"The Liberal Tradition in America" remained the canonical statement on American exceptionalism until the 1980s, when Ronald Reagan (along with speechwriters such as Peggy Noonan) subtly reframed the argument, mostly by repurposing the Puritan vision of the "City on a Hill." According to Reagan, America is an exceptional nation because our (Western, Judeo-Christian) circumstances, beliefs, traditions and institutions make us better than other nations that lack such a privileged foundation and divinely authored spirit.
Particularly since 9/11, conservative advocacy organizations such as the Heritage Foundation have evangelized this somewhat more mystical (and certainly more smug) understanding of American exceptionalism. They have also infused it with a dark, brooding, menacing, paranoid and toxic energy — the energy that powered Donald Trump to the presidency.
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Bottom line, American exceptionalism is a creedal statement that it cannot happen here. That "it" might include: War. Genocide. State failure. Economic collapse. Civil strife. Boorish descent to the Hobbesian state of nature. Except it has happened here. The prophets of American exceptionalism never had it right. Louis Hartz carefully elided the nation's traumatic experiences with racial conquest and civil war in order to sustain his consensus vision (for contemporary perspectives, see this New York Review of Books article). Ronald Reagan entirely ignored the deepest and most enduring meaning of John Winthrop's lovely and profound City on a Hill sermon, "A Model of Christian Charity":
If we shall deal falsely with our God in this work we have undertaken, and so cause Him to withdraw His present help from us, we shall be made a story and a by-word through the world.
Well, we have dealt falsely in our beliefs, with ourselves if not necessarily with our God. and liberal democracy has paid the price. Louis Hartz plumbed (and then released) his own personal demons to write "The Liberal Tradition in America. (Reagan was simply not terribly bright.) But the scorched-earth politics that have consumed our nation since the end of the Cold War have unleashed very smart, well-organized, technologically savvy and preposterously well-funded tribal movements in this country that have outmaneuvered ordinary, well-meaning liberals at nearly every turn, particularly in the past 15 years.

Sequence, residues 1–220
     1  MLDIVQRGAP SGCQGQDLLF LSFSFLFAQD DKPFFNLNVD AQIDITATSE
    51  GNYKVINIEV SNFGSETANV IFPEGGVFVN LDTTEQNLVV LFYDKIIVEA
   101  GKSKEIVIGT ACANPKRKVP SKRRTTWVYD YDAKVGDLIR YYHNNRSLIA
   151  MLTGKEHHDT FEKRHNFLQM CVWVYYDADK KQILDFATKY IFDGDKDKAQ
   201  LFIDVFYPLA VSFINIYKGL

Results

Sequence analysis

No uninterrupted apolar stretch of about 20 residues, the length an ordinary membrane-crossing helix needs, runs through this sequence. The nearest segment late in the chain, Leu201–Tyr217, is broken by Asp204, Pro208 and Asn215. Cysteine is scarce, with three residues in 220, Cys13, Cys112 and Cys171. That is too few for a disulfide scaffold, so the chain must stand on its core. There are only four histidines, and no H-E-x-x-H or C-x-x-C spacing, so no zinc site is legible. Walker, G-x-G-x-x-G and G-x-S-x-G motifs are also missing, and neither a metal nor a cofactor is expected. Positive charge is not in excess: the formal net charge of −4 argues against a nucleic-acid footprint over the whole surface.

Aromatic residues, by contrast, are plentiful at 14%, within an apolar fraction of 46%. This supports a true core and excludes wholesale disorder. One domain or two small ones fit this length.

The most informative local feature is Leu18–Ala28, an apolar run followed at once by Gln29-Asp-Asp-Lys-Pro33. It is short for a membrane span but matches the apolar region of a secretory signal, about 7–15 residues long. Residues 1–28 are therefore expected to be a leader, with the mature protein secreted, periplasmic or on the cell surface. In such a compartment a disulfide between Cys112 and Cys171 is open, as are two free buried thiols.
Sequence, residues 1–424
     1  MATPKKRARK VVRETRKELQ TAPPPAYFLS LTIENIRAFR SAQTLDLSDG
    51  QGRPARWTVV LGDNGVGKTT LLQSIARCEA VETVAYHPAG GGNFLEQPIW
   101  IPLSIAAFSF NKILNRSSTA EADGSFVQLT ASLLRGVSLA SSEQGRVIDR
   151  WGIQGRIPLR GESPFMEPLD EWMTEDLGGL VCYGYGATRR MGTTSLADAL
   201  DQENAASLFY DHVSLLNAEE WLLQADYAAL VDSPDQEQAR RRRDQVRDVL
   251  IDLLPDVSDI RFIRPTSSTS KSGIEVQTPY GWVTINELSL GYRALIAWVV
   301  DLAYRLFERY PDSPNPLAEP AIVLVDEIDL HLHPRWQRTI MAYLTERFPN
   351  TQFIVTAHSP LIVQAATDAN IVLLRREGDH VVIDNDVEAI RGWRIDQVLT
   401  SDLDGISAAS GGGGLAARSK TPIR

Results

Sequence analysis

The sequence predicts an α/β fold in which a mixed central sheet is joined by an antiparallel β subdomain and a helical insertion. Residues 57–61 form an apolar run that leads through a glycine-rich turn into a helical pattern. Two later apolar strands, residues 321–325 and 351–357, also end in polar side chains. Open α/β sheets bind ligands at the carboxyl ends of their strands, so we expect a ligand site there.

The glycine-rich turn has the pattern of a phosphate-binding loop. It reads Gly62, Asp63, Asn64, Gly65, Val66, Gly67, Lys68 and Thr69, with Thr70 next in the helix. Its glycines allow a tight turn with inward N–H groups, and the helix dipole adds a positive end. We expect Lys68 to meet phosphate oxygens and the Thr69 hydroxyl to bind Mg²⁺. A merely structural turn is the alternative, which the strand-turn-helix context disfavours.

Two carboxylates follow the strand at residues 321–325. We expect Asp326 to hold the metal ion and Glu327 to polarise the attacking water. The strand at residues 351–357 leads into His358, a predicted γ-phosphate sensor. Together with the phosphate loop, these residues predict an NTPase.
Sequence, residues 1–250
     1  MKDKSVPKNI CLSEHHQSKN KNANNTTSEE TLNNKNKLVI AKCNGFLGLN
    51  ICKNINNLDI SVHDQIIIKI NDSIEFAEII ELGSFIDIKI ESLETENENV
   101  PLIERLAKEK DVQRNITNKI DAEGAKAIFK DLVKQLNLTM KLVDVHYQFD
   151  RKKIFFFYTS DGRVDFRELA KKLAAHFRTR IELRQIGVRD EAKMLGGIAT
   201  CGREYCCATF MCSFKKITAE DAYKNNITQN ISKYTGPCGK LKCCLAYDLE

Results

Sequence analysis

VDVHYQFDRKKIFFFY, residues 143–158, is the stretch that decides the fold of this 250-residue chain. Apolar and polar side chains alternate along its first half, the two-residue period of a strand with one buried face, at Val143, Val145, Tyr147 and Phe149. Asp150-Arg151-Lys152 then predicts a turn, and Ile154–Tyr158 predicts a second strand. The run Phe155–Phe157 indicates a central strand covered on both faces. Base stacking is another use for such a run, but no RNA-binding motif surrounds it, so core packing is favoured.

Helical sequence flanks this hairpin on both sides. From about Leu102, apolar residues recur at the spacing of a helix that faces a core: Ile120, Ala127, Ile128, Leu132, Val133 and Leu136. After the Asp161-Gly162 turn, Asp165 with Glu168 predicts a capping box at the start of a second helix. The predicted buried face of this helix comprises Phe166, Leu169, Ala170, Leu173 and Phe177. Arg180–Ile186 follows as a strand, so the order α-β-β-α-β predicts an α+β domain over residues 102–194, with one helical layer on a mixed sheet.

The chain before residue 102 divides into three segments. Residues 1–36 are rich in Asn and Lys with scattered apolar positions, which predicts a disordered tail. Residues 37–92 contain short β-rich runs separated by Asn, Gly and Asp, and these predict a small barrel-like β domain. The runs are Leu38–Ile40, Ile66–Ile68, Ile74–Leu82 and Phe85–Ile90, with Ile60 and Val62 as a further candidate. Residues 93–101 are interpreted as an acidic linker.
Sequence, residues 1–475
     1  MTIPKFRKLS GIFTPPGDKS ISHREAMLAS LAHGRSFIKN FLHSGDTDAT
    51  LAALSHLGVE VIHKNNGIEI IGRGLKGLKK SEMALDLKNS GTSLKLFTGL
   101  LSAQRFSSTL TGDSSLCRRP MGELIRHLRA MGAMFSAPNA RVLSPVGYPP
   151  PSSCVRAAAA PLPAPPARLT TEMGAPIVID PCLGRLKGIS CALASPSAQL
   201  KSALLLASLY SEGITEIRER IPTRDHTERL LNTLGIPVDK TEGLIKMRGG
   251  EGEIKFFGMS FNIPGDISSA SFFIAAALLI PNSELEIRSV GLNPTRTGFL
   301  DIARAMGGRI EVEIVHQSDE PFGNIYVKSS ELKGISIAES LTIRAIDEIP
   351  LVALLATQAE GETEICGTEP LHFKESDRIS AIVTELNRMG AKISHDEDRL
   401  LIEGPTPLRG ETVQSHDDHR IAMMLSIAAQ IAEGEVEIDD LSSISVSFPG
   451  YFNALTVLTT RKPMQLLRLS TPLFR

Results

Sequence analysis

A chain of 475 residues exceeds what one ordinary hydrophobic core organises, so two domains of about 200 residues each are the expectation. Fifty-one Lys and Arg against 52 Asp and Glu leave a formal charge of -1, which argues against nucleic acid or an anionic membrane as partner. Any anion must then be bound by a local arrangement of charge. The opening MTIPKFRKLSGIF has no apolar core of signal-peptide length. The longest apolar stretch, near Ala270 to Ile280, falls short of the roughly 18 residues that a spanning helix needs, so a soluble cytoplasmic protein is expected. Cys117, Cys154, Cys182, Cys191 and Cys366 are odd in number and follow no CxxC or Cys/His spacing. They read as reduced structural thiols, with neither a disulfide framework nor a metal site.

Demographic shifts aside, the coalescence of these groups around a newly transfigured commitment to "Western civilization" in 2016 (that which had originally "made America great") represented a pure will to power, difficult to define, pin down, understand and address because its raison d'etre has nothing to do with the conceptions of interest, logic and reason that continue to blinker the Democratic Party. Not just in 2016, but since 2001 (and, truly, since the early 1970s), the Democratic Party has been fighting the wrong war. Trump remains a freak of nature, but those who have attached themselves to him — the Steve Bannons and Stephen Millers of the world — are cynical, instrumental and ruthless. They are cunning, not wise, arrogant, not humble. Their currency is fear. And they have no respect or affinity for the truth.
One definition of an exceptional nation — not so different from Alexis de Tocqueville's original conception — is that it is somehow prelapsarian and has no experience with or true knowledge of evil. Well, if that blessed state were ever ours in the United States, it is no longer. But truly, that blessed state never even was. Those who would like to consider how thinkers and actors in less sheltered times and places addressed the irruption of evil into their world, and the undoing of all they imagined to be enduring, might start (but not end) with the insights of Albert Camus, Hannah Arendt and Reinhold Niebuhr.